The topics covered are ;
  • Ancient navigation Skills.
  • Navigation Techniques in the Middle Ages.
  • The Age of Discovery.
  • The Electronic Age.
  • Navigation and the Environment.
  • Emergency Signalling.
    Written in an accessible style, with no unexplained jargon or terminology Navigation Through the Ages will appeal especially to sailors and to anyone with an interst in the history of science and the exploration of our world.

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    By Simon Garfield. Paperback, 0.43kg, 134mm x 200mm, 464 pages,Black and white photographs and line drawings. Published 2013.
    From the early sketches of philosophers and explorers through to google maps and beyond, Simon Garfield examines how maps both relate and realign our history. His compelling narratives range from the quest to create the perfect globe to the challenge of mapping Africa and Antarctic, from spell binding treasure maps, to the naming of America, from ordinance survey to Monopoly!

    On the Map a fascinating, witty and irrepressible mini history and exploration of maps and our world, where we've been, where we're going, and how we actually got there! En route there are 'pocket map' tales of dragons and undergrounds, a 19th century murder map, research on the different ways that men and women approach a map, and an explanation of the curious long-term cartographic role played by animals.

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    By Wallace J Nichols. Paperback, 0.32kg, 128mm x 198mm, 332 pages, (This edition Published 2018).
    The best-selling book by marine biologist Dr. Wallace J. Nichols on the remarkable effects of water in all of its shapes and forms on our health and well-being.

    Why are we drawn to lakes, rivers, oceans and pools each summer? Why does being near water set our minds and bodies at ease?
    Blue Mind revolutionizes how we think about these questions, revealing the remarkable truth about the benefits of being in, on, under, or simply near water.

    Combining cutting-edge neuroscience with compelling personal stories from top athletes, leading scientists, military veterans, and gifted artists, Dr Nichols shows how proximity to water can improve performance, increase calm, diminish anxiety, and increase professional success.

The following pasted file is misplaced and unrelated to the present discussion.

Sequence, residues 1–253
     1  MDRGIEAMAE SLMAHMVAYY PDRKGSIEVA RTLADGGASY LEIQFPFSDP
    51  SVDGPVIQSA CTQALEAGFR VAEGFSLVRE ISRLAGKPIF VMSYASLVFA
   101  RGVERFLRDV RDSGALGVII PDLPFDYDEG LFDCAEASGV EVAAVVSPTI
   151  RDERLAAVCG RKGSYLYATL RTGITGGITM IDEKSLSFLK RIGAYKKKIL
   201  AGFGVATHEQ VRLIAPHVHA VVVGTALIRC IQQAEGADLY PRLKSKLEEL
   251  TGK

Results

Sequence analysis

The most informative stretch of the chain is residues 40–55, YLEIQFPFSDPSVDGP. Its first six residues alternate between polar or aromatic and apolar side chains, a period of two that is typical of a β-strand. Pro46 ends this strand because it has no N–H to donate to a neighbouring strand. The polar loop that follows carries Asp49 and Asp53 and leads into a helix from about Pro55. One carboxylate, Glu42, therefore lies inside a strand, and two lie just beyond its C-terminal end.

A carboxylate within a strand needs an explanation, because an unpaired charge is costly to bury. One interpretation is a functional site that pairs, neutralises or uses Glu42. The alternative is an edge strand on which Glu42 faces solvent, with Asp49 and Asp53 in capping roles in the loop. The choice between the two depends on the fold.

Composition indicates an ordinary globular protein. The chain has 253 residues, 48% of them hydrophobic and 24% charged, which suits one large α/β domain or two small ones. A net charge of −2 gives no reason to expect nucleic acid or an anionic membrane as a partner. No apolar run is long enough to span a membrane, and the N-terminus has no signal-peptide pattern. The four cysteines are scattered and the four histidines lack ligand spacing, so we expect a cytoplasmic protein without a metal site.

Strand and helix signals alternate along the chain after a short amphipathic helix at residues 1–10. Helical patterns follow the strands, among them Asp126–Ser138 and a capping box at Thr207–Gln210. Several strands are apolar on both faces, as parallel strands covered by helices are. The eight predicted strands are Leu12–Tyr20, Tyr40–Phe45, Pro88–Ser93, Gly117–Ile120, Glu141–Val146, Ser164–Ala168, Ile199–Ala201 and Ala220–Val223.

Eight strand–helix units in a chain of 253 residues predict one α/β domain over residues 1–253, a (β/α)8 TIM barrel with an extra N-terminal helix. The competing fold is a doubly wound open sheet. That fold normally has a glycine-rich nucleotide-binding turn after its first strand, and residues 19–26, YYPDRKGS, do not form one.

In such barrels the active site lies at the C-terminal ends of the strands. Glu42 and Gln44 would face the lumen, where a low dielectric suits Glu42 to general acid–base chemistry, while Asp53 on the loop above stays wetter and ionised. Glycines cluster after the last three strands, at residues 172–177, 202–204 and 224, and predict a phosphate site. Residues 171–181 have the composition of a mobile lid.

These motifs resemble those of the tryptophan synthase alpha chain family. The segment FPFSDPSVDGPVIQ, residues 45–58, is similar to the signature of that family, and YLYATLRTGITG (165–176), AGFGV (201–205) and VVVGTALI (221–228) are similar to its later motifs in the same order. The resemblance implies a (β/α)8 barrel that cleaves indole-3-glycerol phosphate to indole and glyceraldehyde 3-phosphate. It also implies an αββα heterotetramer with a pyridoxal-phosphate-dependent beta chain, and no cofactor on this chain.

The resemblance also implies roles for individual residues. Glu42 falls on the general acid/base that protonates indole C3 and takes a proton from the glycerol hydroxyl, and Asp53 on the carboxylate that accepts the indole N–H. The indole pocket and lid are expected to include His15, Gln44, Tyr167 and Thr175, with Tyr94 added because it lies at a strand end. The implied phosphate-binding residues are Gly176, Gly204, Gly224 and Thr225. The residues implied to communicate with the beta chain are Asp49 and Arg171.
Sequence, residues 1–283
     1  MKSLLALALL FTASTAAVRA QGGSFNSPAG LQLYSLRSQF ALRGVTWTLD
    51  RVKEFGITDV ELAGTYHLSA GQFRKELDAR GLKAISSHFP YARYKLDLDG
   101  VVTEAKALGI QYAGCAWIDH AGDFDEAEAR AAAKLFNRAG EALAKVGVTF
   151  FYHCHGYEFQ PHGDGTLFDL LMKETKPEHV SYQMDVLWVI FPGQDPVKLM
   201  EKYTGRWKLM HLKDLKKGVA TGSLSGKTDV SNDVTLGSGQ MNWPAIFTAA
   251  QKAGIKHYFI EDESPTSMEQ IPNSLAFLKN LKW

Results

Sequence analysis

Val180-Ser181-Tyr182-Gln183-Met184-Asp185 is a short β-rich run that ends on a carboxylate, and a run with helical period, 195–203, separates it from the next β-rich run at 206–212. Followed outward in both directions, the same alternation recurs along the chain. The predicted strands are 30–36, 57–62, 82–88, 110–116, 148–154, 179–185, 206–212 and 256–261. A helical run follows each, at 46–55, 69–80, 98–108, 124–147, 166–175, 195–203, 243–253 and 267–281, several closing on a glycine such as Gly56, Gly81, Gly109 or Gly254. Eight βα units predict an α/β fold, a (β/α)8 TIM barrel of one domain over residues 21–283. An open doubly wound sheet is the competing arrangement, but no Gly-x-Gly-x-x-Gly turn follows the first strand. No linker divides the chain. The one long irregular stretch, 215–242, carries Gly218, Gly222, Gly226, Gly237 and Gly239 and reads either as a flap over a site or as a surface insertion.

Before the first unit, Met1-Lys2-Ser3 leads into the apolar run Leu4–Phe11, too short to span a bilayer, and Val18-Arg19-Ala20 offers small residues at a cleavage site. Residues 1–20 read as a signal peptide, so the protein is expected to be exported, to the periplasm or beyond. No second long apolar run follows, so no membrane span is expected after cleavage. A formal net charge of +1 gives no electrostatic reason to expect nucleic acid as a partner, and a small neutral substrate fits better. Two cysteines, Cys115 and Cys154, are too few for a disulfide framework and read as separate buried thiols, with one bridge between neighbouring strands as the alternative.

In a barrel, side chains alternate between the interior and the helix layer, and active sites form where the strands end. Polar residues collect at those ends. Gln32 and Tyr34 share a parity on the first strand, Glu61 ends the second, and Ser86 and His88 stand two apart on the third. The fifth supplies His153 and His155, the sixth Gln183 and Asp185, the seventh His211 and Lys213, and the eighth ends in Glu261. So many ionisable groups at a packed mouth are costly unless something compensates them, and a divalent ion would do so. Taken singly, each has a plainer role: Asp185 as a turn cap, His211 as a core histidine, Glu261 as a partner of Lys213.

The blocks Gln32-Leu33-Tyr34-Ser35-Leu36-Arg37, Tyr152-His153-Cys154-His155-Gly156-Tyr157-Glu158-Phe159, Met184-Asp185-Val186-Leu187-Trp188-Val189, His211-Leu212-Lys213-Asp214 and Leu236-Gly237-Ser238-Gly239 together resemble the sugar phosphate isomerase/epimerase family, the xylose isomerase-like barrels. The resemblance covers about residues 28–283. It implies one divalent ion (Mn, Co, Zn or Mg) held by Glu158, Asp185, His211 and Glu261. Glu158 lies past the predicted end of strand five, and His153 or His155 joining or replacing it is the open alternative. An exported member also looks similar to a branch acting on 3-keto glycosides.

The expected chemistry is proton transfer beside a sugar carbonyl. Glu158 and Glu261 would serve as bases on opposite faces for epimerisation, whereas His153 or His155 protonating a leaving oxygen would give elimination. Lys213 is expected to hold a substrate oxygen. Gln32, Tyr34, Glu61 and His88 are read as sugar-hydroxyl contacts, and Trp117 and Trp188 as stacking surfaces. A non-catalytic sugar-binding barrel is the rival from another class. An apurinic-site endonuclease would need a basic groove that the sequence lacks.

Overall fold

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    By Andrea Wulf. Paperback, 0.36kg, 128mm x 198mm, 473 pages, Colour photographs and B&w IMAGES. Published 2015.
    Alexander von Humboldt (1769-1859) is the great lost scientist - more things are named after him than anyone else. There are towns, rivers, mountain ranges, the ocean current that runs along the South American coast, there's a penguin, a giant squid - even the Mare Humboldtianum on the moon.

    His colourful adventures read like something out of a Boy's Own story: Humboldt explored deep into the rainforest, climbed the world's highest volcanoes and inspired princes and presidents, scientists and poets alike. Napoleon was jealous of him; Simon Bolívar's revolution was fuelled by his ideas; Darwin set sail on the Beagle because of Humboldt; and Jules Verne's Captain Nemo owned all his many books. He simply was, as one contemporary put it, 'the greatest man since the Deluge'.

    Taking us on a fantastic voyage in his footsteps - racing across anthrax-infected Russia or mapping tropical rivers alive with crocodiles - Andrea Wulf shows why his life and ideas remain so important today. Humboldt predicted human-induced climate change as early as 1800, and The Invention of Nature traces his ideas as they go on to revolutionize and shape science, conservation, nature writing, politics, art and the theory of evolution. He wanted to know and understand everything and his way of thinking was so far ahead of his time that it's only coming into its own now. Alexander von Humboldt really did invent the way we see nature.

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    By Peter Moore. Paperback, 0.35kg, 130mm x 198mm, 395 pages, Full colour illustrations. Published 2016.
    In 1856 a broken Admiral Robert FitzRoy locked himself in his dressing room and cut his throat. His grand meteorological project had failed. Yet only a decade later, FitzRoy’s storm warning system and ‘forecasts’ would return, the model for what we use today.